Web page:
Middle East & North Africa

99 Items

Director of National Intelligence Dan Coats

AP/Evan Vucci

Analysis & Opinions - Project Syndicate

Speaking Truth to Power

| Aug. 05, 2019

Joseph Nye writes that many partisans accused President George W. Bush of lying and pressuring the intelligence community to produce intelligence to justify a war that Bush had already chosen to prosecute. The situation was complicated, however, and to understand the problems of speaking truth to power, the myths must be cleared away.

The oil tanker Stena Impero in an Iranian port

(Tasnim News Agency/via AP)

Analysis & Opinions - The Washington Post

Oil Probably Won’t Cause a War with Iran, but It Certainly Adds Fuel to the Blaze

    Author:
  • Jeff D. Colgan
| July 20, 2019

The relationship between oil and war is complicated—and much of the time, oil disputes are resolved peacefully. The more dangerous disputes are those where tensions over oil exacerbate other factors on the road to war.

Israeli workers at the Shalon gas mask factory

AP

Analysis & Opinions - Belfer Center for Science and International Affairs, Harvard Kennedy School

Reopen the Syrian 'Chemical File'

| May 10, 2017

Israel must assess whether its long-standing decision to refrain from ratifying the CWC, which it signed, continues to serve its interests, or merely provides a PR advantage to its adversaries. At a time when the use of chemical weapons has become more common in the region, a change in policy may be appropriate.

Analysis & Opinions - Foreign Policy

OPEC is in its Death Throes

| October 11, 2016

"...Saudi Arabia's energetic and ambitious young deputy crown prince, Mohammed bin Salman, appears to see beyond the immediate threat of U.S. shale to the Saudi oil industry....He is focused on the broader need for major reform of the Saudi economy.  Climate change will plainly be a major problem of the 21st century, and the world is moving away from fossil fuels: game over for an unreformed Saudi Arabia."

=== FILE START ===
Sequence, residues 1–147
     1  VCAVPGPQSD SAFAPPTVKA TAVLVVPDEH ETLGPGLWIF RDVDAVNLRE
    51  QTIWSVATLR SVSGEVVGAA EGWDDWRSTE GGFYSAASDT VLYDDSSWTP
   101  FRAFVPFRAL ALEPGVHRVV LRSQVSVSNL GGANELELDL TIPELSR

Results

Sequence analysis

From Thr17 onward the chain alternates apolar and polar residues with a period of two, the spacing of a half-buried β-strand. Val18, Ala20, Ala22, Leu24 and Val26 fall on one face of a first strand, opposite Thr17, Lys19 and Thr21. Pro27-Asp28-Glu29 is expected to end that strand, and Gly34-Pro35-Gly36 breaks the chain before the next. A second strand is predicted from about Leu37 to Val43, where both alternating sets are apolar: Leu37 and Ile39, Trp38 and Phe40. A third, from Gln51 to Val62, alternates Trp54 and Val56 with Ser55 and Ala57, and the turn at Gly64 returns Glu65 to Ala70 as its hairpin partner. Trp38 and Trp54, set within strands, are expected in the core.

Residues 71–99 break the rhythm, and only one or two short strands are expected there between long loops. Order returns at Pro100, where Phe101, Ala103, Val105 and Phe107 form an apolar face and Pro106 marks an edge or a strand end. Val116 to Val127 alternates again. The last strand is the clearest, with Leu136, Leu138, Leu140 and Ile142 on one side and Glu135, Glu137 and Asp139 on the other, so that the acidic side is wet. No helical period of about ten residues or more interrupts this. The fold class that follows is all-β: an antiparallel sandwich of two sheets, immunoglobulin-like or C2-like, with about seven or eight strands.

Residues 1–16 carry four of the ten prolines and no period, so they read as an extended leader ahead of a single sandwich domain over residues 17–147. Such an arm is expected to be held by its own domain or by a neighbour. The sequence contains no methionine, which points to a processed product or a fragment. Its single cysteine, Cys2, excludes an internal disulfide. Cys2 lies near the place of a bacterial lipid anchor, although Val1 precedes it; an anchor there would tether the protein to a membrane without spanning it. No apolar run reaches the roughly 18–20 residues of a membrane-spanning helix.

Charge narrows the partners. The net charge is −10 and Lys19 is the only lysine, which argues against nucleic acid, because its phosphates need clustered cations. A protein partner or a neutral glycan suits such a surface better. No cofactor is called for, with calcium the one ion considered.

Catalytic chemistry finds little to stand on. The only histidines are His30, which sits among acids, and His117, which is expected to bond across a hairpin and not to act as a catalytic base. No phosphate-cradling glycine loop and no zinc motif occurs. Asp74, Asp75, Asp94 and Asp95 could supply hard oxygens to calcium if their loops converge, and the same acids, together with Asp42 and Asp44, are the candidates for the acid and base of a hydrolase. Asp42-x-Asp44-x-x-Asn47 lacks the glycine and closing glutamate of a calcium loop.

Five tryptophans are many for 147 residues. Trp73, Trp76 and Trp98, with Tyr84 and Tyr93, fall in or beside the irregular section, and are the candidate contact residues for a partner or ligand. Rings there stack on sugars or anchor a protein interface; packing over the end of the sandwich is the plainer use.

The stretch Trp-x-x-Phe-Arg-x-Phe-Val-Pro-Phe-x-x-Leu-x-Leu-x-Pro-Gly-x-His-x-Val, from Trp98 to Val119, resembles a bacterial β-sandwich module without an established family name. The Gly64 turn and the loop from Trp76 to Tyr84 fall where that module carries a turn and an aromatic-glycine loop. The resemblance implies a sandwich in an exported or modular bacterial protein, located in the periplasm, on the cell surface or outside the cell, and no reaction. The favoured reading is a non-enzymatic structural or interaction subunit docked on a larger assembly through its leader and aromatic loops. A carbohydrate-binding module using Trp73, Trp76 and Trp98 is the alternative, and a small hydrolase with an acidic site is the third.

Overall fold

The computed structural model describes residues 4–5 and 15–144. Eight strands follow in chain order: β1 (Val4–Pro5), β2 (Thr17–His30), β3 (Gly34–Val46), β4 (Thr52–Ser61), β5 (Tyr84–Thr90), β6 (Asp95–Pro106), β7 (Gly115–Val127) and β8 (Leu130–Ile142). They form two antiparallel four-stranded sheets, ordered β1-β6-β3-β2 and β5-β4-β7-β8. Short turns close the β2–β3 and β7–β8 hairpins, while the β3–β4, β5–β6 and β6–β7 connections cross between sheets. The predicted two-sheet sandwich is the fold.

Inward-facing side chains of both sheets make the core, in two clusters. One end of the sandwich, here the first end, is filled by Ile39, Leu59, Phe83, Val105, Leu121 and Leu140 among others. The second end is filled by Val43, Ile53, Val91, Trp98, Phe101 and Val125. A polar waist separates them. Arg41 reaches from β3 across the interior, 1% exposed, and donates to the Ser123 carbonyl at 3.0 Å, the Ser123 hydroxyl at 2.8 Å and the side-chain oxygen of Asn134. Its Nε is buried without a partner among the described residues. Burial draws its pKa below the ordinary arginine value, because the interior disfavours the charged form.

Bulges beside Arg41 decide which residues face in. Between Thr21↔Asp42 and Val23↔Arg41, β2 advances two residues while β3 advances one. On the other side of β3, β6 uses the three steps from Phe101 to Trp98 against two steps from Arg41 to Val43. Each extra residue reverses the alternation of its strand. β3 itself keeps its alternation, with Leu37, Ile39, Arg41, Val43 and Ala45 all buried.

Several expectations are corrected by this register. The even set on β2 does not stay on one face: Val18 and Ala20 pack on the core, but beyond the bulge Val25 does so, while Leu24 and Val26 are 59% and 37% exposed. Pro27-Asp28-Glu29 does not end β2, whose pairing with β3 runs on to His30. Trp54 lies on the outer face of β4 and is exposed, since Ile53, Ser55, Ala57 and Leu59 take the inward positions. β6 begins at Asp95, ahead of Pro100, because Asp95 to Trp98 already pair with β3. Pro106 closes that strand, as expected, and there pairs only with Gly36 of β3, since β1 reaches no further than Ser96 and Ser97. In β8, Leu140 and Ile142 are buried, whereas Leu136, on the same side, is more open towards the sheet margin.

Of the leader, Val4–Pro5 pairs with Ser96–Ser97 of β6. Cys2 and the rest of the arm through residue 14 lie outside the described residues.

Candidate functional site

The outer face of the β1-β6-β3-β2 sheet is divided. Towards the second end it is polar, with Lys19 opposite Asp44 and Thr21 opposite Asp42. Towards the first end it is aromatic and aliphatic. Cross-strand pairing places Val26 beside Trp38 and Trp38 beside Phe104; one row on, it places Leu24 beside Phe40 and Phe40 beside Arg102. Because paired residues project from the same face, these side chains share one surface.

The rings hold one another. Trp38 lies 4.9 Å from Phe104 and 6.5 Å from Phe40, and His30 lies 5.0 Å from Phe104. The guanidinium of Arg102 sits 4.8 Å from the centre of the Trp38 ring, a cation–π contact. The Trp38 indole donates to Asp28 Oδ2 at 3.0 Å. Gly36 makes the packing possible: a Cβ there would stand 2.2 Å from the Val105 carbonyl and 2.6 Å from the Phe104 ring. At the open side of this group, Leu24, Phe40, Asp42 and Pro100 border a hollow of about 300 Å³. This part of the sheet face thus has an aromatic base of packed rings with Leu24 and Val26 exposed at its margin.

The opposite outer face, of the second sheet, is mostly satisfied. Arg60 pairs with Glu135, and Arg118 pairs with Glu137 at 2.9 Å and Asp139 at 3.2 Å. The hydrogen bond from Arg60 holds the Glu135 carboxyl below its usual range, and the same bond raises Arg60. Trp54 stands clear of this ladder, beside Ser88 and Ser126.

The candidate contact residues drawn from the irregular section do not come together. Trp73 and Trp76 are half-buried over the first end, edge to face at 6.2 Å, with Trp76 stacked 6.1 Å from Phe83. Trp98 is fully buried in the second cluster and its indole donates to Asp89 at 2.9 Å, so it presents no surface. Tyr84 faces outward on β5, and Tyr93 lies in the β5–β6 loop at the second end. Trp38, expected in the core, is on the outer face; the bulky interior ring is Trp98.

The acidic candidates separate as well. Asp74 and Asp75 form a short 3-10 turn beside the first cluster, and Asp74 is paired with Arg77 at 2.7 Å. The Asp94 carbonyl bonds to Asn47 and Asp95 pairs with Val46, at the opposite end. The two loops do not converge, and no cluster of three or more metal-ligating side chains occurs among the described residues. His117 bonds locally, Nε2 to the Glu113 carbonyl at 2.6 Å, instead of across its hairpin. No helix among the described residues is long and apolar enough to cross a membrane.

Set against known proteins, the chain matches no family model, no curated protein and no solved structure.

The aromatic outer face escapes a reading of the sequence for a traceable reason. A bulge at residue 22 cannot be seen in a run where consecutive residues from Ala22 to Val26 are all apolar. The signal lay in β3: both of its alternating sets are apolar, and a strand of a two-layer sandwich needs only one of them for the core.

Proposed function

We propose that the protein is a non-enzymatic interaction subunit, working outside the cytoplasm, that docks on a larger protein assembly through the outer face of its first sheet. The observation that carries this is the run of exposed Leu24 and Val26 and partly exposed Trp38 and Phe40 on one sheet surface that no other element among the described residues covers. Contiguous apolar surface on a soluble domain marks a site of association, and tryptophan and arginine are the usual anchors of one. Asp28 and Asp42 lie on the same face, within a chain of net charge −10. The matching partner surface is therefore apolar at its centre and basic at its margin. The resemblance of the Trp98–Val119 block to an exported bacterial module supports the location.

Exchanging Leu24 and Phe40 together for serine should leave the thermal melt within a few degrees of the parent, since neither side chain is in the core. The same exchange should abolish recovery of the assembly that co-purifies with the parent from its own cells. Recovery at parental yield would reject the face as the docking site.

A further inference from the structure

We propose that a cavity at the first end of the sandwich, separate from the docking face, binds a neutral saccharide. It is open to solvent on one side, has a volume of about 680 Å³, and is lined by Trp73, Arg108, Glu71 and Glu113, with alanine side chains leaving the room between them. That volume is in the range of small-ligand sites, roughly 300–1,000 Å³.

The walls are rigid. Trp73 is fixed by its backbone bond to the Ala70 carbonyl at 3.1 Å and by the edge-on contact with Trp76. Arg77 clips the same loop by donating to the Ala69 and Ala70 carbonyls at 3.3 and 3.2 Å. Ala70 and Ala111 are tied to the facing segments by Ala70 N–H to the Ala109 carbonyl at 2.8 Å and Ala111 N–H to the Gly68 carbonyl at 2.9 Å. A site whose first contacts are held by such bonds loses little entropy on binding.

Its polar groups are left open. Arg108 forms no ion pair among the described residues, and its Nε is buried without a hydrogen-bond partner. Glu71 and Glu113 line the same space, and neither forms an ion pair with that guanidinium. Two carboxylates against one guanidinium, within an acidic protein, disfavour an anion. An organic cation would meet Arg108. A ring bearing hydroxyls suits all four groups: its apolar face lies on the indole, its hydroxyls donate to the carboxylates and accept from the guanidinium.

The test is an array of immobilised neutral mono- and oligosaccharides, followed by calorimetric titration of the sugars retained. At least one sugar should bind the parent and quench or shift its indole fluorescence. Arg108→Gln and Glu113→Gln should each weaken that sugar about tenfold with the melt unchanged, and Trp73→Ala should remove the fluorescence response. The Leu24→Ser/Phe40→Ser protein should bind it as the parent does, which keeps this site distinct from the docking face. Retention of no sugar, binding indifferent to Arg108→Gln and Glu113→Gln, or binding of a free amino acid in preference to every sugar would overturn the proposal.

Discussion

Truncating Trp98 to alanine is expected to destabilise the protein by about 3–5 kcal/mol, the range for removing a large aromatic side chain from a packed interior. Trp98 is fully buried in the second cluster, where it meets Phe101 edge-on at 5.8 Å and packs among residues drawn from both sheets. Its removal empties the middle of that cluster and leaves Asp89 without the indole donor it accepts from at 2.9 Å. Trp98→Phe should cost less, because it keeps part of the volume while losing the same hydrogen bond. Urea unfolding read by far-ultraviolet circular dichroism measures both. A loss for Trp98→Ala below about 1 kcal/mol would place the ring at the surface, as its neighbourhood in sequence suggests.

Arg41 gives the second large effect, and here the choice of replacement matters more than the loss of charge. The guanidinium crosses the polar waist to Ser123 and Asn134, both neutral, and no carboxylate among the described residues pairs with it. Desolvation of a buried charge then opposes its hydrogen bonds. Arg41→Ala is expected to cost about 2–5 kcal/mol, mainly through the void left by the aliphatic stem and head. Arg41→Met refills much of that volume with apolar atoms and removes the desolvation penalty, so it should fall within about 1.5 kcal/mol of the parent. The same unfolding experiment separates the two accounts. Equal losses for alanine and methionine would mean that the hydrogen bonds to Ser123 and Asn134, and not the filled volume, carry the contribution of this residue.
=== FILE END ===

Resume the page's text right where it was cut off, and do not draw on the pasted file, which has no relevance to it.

U.S. Secretary of State John Kerry presides over a meeting of more than 60 anti-ISIL coalition parties held on December 3, 2014, at NATO Headquarters in Brussels, Belgium.

U.S. State Dept.

Analysis & Opinions - The Washington Post

The Jihadi Threat to International Order

| May 15, 2015

"The Islamic State, on the other hand, reached prominence in the chaotic aftermath of the Arab uprisings and at a time of great U.S. reluctance to intervene in the Middle East. It focused on gaining territory and establishing a caliphate as measures that would further increase its power as it attempts to remake the international system. The Islamic State also promoted a particularly radical ideology, genocidal toward Shiites and other Middle Eastern minorities and ruthless toward Sunnis who refuse to submit to its authority. As a result, not only does it manifest an even more expansive challenge to the international order, it is also better equipped to threaten this order."

Analysis & Opinions - European Leadership Network

On the Road to Nowhere? New Proposals on the Middle East WMD-Free Zone May Backfire

| May 11, 2015

"One of the dramas playing out this month in New York at the 2015 Review Conference for parties to the Treaty on the Non-proliferation of Nuclear Weapons (NPT) concerns the future of discussions on establishing the weapons of mass destruction free zone in the Middle East..."

Analysis & Opinions - Modern Diplomacy

Hit and Run, Iran? The Military Dynamics of Nonproliferation

| February 2, 2015

Weapons of Mass Destruction or of mass delusion? To nail or derail. Ambiguity in Iran's weapon acquisition dynamics exacerbates mistrust, which is the core reason for the present standoff at the negotiating table. In this paper, the author elucidates the Iranian military's capability and intention by delving into the main componential elements of weapon acquisition.

Journal Article - Geopolitics, History, and International Relations

Iran and Weapons of Mass Destruction: The Military Dynamics of Non-Proliferation

| 2014

Weapons of mass destruction (WMDs) are not suitable for the Iranian Army, given its non-mechanized nature; its defensive military posture; its current status as a non-nuclear weapon state; and its sufficient conventional preparation to meet its protective security interests. This paper proposes three interlinked policy approaches to resolve the current impasse.